Last Wednesday, Nov. 19, Prof. Emeritus John Cloud, peace studies, a geographer with the National Oceanic and Atmospheric Administration, spoke in Mann Library to celebrate Geographic Information Systems Day, 2003. GIS Day is part of the National Geographic Society’s Geography Awareness Week, which is intended as a time for teaching the general public about the real-world applications of GIS.
GIS is a tool, a method of organizing data related to geographic location. It provides a way of looking at space-related data. One way to visualize it is to imagine multiple transparencies representing different characteristics of the same geographic area.
For example, one could represent the parks in the area, another transparency, the historic district, another the restaurants. If the transparencies were placed on top of each other, a process called map overlay, correlations between the transparencies that might not be immediately apparent from looking at the transparencies separately appear.
Cloud’s lecture was called “Layered Truths: Uncovering the Complex Histories of Geographic Information Systems.” He explained that GIS goes back to the Urban Housing Crisis before the advent of computers and digitized data systems. The national program started off as an effort to determine where housing conditions were poor and in need of improvement and allowed New Dealers to identify the subset of the population that deserved to get help the most.
When conducting the surveys of all of the housing units in the area, there were initially six categories examined, but two more were added — one category was if the people in the household were white or not. There was overlap between four of the categories of data regarding housing: low rent, poor conditions, old and non-white. Because the agencies involved tended to be less helpful toward non-white populations, the program was used to discriminate against minorities. Non-white areas were targeted for red-lining, meaning that the residents of those areas would not be given loans. Many times, the data was hidden from the general public.
Cloud sought to convey that although GIS is often heralded as wonderful and the technology of the future, it is a tool that can be used for good or for bad. He said that GIS, “has a bright future” and “it’s all about bringing the tools of GIS to the powerless.” He also referred to the late Scottish Prof.-Emeritus Ian McHarg, landscape architecture and urban planning, University of Pennsylvania, who was concerned with using GIS, or at that time map overlay, for environmental and social factors. Cloud said that he believed McHarg thought that the hidden layers, the key ones that are used for making important decisions, should be visible to the public.
“They can use these layers and maps to find the poorest neighborhood and ream it out with a freeway because they won’t make as much of a fuss as a wealthier neighborhood,” Cloud said.
Cloud also said in an interview that “revealing secrets is the recurrent theme here; it is important to make these hidden layers public.” He also addressed the role of GIS in the military. “The first Gulf War was the first GIS war; the War on Iraq was GIS on steroids, everything was completely integrated and coordinated from a bunker in Florida,” he said.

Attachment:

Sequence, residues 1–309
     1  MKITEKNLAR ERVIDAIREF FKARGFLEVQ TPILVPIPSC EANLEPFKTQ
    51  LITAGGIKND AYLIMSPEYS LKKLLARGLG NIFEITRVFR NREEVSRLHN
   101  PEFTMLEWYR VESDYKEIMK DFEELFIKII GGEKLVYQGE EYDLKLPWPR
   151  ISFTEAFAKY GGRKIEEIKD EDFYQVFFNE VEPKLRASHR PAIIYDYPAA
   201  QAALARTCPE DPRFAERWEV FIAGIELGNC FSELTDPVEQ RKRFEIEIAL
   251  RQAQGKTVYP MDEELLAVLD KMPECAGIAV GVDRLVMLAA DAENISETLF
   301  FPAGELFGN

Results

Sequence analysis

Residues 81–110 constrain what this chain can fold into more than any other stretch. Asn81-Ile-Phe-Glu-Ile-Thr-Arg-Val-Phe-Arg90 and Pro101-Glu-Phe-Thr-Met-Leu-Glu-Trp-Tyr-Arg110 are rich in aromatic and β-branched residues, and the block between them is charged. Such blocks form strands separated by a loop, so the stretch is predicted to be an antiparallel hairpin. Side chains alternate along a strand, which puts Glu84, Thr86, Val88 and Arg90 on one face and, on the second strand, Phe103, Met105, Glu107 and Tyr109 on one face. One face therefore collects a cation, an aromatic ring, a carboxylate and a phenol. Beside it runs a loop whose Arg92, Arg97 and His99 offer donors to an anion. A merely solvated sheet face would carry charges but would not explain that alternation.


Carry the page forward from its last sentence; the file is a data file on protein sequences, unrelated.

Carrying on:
“Civilian GIS is the visible tip of the iceberg; most GIS applications are classified,” he added.
Cloud stressed that GIS is just a tool and will only help with certain problems.
“I liked his presentation because he tied in the social conflict theory with GIS,” said Randall Frank, who works for CIT computer support, in response to the lecture.
Before and after the lecture there were representatives from companies and organizations related to GIS and Cornell departments using GIS displaying posters and telling people about their work and services. Environmental Systems Research Institute, a company that makes GIS software was represented by Paul Rooney. He said that at the university level, “ESRI provides software to departments for academic research uses, using GIS technology in solving problems.”
“GIS is more likely to be used in an applied way; it’s the infrastructure that makes answering questions with space-based data possible,” but encourages, “anyone with an interest in knowing where things are to check out GIS,” he said.
Jeff Piestrak, computer support specialist at Mann Library, is a member of the Cornell University Geospatial Information Repository team. He explained that people can download data from the library’s website.
“We’re not a creator of data, we’re an online repository,” he said.
There is a GIS station in Mann Library where people can manipulate data and make maps; there are also teaching and information programs on GIS. Elaine Westbrooks, metadata librarian at Mann Library, said, “Metadata is what describes and tells you everything about data sets.” She answers questions people have about using CUGIR.
Ed Bugliosi from the United States Geological Survey had a poster and explained a project carried out that used GIS in seeing how water moves underground or over land.
Some Cornell departments had posters of their GIS related research; these included city and regional planning, landscape architecture and crop and soil sciences. Megan Molique, a prospective graduate student, was working on a project with Prof. Stephen DeGloria, resource inventory and analysis, titled: “Estimating Critical Phosphorous Loading Areas in Six Mile Creek Watershed.” After the lecture she said, “The extent to which you can use GIS is incredible.”
She said that she is still new to GIS but believes it has many practical applications.
“When searching for driving directions on the internet or looking at the weather on TV or the internet, most likely GIS is being used to provide people with information,” she said.
Archived article by Vanessa Hoffman